A friend and I are looking at ways of selecting forecasters based on past performance. My friend's preferred method is to select the forecasters who are most correlated with the truth, based on a Pearson correlation.
I've been trying to express to my friend some reasons why I think this method is a bit flawed, using the following example:
| True value | Forecaster 1 | Forecaster 2 | |:-------------|---------------:|:---------------:| | 5 | 6 | 51 | | 10 | 9 | 99 | | 20 | 21 | 201 |
Forecaster 1’s estimates are ±1 from the true value, while Forecaster 2’s estimates are ±1 from (true value × 100). The Pearson correlation between Forecaster 1 and the truth is .9897, while the Pearson correlation between Forecaster 2 and the truth is > .9999. Recall that according to my friend's method we're selecting the Forecaster who has the highest Pearson correlation with the truth. Thus in this example Forecaster 2 would be selected, even though Forecaster 2’s forecasts are wildly variable and inaccurate relative to Forecaster 1’s.
Yes it does disclose a problem although your friend may have a different scientific question in mind (although it is hard to guess what that might be). Forecaster 3 who guesses 105, 110, 120 does even better I think you will find.
There are a host of options. In the medical field an influential paper for the case where you are comparing two measurements is by Bland and Altman available here entitled "Statistical methods for measuring agreement between two methods of clinical measurement". In the thirty years since publication it has been cited more than 38000 times according to Google.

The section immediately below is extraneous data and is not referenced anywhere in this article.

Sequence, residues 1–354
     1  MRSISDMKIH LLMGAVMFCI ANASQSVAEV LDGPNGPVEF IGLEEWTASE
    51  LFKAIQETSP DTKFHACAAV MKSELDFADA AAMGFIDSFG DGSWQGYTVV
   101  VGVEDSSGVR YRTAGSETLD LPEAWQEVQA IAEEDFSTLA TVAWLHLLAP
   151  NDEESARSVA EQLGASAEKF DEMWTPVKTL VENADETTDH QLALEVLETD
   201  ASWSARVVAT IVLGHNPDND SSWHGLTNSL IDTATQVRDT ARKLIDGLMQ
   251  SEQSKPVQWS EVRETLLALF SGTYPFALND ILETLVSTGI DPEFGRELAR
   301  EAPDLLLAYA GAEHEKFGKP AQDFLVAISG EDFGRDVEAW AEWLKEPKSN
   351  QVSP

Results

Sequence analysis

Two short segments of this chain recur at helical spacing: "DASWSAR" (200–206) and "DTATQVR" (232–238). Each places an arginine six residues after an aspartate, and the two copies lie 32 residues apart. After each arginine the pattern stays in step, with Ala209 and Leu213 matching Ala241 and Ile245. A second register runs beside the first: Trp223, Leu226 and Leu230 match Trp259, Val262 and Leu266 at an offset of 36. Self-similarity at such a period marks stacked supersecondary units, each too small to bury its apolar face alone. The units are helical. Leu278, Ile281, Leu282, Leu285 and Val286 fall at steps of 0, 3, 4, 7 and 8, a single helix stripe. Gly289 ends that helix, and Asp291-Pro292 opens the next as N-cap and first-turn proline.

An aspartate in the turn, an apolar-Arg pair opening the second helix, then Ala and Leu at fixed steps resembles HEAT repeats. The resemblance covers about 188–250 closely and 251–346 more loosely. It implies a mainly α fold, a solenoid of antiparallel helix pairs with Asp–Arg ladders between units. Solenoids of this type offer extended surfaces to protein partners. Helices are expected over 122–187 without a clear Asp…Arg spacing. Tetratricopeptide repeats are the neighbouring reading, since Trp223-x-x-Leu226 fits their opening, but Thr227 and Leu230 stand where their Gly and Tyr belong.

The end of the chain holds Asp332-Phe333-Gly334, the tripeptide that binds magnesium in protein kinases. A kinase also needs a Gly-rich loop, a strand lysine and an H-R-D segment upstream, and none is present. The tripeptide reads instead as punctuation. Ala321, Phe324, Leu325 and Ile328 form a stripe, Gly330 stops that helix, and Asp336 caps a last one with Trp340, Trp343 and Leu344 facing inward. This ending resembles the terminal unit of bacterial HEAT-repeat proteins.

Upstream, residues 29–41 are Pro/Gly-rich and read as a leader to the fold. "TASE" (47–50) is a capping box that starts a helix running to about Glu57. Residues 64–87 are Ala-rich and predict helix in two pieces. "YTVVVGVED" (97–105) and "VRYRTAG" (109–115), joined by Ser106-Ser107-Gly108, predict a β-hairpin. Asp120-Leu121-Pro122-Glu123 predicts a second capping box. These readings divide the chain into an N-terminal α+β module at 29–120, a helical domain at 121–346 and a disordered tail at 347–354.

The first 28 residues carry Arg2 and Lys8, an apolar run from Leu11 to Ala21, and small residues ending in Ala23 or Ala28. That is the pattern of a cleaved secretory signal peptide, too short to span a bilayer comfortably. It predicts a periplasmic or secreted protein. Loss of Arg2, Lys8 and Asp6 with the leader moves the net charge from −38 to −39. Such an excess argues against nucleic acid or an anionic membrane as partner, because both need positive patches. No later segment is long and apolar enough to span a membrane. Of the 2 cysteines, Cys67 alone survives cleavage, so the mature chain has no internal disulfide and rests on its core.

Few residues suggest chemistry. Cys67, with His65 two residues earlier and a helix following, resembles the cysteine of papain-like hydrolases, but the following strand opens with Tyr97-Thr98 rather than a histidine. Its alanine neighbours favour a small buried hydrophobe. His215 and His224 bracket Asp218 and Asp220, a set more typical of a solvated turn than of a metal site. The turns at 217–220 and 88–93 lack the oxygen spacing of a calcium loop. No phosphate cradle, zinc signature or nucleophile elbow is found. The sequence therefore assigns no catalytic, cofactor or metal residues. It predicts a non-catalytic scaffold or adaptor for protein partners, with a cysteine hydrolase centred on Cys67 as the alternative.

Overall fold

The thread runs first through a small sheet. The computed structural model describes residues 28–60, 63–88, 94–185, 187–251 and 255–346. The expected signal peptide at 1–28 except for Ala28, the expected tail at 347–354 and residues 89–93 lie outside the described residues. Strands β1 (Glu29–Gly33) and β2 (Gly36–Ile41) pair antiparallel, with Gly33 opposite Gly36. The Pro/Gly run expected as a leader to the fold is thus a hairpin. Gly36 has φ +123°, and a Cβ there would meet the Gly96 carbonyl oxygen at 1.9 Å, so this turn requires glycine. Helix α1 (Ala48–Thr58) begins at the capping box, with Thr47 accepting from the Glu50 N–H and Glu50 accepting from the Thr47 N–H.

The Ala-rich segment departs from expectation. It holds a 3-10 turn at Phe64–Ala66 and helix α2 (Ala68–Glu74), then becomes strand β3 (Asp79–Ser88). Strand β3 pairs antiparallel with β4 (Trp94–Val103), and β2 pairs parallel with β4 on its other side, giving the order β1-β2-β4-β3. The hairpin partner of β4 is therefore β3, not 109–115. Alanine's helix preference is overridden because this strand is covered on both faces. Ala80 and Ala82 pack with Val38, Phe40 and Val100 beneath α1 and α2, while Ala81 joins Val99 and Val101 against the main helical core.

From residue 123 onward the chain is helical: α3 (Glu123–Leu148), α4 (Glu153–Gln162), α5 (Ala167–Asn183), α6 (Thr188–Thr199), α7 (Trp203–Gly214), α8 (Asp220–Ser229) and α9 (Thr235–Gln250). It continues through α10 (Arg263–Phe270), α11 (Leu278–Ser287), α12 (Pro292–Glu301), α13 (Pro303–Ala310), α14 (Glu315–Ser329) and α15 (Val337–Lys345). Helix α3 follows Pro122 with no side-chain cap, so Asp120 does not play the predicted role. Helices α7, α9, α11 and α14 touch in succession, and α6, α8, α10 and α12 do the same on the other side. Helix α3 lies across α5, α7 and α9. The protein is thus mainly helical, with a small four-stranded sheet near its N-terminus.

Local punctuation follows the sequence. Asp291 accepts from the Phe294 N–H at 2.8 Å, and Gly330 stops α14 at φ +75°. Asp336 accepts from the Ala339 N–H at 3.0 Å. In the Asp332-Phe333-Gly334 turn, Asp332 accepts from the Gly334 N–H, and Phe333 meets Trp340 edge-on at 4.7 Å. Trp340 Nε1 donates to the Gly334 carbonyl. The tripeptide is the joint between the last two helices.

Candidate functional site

You might also want to look at mean squared error https://en.wikipedia.org/wiki/Mean_squared_error
As far as I can see, the issue here is similar to the issue of consistency vs. agreement in the context of interrater reliability. Consider your true value as ratings offered by one rater (who happens to be very good...) and the forecasters as providing their own ratings.
Raters are consistent if, e.g., those people who are rated as higher than average by one rater are also rated similarly higher than average by another rater. Consistency can be assessed with correlations.
Raters are in agreement if the mean of one rater's set of ratings are similar to the mean of another rater's set of ratings. Agreement can be assessed with tests of differences between means.
Consistency and agreement are orthogonal. Two raters can be consistent, but not in agreement,
|Rater 1|Rater 2| Subject 1| 1 | 10 | Subject 2| 2 | 20 | Subject 3| 3 | 30 | Subject 4| 4 | 40 | Subject 5| 5 | 50 | Mean| 3 | 30 | r = 1
and in agreement but not (really) consistent,
|Rater 1|Rater 2| Subject 1| 1 | 1 | Subject 2| 2 | 5 | Subject 3| 3 | 4 | Subject 4| 4 | 2 | Subject 5| 5 | 3 | Mean| 3 | 3 | r = .1
or both, or neither (you can imagine those numbers for yourself).
Ideally, you want both consistency and agreement to be high. Both of these can be assessed using the intraclass correlation coefficient
Unless I'm missing something obvious, you could do something similar here between your true values and your forecasts.